Obama and Romney Both Clamber for the High Ground on the Student Loans Issue

The 2012 presidential election is on the horizon with Republican candidate Mitt Romney all but set to contest with incumbent Barack Obama. One of the first serious topics turns out to be student loans from the federal government.  CNN news explains Congress’s intent to double federally subsidized loans rates on July 1st. This dire issue greatly impacts men and women 18-29 years old, a major voting demographic.

From the democratic front, President Obama is appealing to the young adults that are critically affected by earning and paying off student loans. While he evidently aims to fight the issue and is actively pushing Congress to maintain current rates, the hopeful incumbent is utilizing the specific issue to gain favor with the same age group that strongly supported him throughout the 2008 election through highly publicized speeches. Therefore, President Obama has spent time traveling through North Carolina, Colorado and Iowa to visit university campuses and urge students to take a stand for themselves and vote after reaffirming his plan to keep loan rates from increasing. The president also made a televised appearance on Late Night with Jimmy Fallon, where the host interviewed him at the University of North Dakota about the issue.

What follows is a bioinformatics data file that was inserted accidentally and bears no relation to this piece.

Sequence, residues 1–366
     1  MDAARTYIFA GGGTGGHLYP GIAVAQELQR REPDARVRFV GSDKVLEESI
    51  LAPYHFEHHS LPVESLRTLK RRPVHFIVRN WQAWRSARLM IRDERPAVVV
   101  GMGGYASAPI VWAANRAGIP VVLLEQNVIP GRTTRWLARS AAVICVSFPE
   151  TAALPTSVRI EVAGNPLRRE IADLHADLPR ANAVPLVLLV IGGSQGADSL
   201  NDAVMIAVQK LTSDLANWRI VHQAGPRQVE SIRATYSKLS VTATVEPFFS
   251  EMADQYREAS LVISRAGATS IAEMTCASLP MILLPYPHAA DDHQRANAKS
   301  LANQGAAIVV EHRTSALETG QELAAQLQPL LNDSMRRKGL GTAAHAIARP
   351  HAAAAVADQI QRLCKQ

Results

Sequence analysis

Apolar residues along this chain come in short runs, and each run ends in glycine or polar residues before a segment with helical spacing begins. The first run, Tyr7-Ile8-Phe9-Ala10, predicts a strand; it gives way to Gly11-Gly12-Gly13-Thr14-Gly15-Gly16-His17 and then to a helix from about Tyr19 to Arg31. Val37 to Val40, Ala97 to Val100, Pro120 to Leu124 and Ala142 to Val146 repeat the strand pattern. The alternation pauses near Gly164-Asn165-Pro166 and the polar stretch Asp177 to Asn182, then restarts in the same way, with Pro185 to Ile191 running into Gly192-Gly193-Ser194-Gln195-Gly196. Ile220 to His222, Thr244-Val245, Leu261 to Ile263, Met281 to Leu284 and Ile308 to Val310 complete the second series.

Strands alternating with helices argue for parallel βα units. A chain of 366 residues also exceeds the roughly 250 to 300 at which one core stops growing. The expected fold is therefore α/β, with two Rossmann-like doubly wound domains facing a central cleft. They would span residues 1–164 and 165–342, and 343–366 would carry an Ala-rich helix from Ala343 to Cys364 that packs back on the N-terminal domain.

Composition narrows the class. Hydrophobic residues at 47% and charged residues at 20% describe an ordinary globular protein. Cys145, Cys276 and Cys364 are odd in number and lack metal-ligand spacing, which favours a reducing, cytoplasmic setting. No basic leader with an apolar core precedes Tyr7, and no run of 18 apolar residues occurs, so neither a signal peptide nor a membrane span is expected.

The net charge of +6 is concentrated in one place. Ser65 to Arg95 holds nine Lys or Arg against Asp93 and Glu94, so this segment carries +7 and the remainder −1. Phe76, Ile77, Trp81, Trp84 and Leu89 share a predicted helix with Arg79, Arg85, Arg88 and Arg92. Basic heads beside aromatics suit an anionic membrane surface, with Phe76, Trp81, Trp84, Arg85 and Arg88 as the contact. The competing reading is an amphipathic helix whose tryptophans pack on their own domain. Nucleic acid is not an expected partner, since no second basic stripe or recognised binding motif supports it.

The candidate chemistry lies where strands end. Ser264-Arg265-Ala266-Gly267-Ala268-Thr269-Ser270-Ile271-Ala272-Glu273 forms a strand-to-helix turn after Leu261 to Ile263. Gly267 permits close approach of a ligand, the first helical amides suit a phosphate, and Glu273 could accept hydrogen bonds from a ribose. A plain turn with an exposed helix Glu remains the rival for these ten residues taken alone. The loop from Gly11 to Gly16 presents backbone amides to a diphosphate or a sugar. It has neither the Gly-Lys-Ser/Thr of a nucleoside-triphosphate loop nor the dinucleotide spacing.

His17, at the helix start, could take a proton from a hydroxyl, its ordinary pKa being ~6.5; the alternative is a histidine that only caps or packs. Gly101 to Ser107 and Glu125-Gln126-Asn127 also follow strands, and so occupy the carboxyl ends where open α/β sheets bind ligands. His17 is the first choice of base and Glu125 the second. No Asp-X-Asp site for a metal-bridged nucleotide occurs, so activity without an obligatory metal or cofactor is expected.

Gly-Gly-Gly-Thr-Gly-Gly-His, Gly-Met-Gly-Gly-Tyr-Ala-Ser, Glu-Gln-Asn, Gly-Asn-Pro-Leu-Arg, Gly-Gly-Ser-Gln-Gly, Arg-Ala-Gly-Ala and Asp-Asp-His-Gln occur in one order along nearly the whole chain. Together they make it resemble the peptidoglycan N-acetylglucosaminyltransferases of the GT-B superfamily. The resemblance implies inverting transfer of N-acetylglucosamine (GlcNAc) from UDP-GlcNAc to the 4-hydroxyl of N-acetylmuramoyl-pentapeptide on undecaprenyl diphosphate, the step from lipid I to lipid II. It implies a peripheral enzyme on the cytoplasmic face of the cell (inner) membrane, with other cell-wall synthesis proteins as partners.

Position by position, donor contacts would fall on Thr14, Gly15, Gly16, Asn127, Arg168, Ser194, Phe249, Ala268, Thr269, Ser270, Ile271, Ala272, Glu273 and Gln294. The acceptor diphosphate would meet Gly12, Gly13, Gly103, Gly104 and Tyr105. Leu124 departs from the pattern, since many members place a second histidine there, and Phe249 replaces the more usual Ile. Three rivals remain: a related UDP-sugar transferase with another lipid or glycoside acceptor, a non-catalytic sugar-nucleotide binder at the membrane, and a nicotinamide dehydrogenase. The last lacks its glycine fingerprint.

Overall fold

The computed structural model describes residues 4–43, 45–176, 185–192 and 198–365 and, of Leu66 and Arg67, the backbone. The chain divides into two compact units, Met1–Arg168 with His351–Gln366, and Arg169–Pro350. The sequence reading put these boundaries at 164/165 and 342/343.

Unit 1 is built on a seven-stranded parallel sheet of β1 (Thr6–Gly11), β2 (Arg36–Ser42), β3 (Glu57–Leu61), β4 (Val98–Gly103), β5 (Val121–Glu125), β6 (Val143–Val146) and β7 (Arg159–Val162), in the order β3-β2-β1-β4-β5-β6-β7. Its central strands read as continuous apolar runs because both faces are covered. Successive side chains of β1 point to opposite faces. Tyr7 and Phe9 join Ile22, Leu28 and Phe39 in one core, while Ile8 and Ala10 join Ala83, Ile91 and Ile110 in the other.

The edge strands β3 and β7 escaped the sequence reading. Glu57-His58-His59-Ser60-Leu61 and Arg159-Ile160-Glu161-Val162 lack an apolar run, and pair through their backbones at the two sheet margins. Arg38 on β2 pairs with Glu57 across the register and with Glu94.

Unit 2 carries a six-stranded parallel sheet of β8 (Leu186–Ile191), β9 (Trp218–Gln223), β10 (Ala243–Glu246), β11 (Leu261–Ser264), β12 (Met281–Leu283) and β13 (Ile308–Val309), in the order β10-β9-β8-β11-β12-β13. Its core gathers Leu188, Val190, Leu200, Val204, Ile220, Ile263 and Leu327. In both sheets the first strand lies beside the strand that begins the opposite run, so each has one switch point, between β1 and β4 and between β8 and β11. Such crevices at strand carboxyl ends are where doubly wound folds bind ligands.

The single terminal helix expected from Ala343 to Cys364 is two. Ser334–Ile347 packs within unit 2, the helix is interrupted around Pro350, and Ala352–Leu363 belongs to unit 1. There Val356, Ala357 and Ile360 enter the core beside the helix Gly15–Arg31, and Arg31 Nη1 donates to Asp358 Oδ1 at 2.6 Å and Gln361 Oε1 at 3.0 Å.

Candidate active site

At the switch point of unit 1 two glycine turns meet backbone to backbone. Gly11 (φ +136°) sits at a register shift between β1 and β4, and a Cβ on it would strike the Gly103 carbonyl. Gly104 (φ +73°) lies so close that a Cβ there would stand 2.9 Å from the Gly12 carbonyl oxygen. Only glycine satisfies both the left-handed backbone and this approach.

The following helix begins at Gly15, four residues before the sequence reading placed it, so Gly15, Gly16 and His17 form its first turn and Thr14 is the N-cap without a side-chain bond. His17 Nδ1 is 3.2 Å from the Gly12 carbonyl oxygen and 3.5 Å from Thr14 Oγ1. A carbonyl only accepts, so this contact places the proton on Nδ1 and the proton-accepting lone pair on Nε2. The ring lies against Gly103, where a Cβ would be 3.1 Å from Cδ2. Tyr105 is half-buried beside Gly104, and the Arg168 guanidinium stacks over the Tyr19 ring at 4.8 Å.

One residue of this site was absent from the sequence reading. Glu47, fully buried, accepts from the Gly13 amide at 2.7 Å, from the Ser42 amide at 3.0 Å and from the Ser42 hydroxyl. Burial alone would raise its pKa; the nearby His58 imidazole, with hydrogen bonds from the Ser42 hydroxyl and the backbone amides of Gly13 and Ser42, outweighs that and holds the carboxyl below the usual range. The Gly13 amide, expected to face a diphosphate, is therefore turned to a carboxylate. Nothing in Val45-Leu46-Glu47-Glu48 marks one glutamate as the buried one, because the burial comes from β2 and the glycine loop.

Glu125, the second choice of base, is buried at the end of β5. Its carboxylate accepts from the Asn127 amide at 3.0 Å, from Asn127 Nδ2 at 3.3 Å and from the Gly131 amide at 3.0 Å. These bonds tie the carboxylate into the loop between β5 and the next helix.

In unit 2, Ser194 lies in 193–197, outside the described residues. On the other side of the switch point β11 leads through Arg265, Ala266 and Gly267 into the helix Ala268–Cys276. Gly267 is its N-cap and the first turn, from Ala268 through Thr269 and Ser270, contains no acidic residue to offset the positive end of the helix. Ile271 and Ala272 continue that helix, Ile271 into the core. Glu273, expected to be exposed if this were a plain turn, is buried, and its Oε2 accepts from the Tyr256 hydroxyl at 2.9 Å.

On the other hand, Governor Romney has openly declared support for the effort to freeze current subsidized loan rates, taking some of the wind out of Obama’s sails and assuring that his own platform can’t be unfairly accused of supporting the action.

In the end, neither man has a true advantage over the other concerning this policy because their views are identical. However, they both clearly want to earn a favorable view for the public eye.


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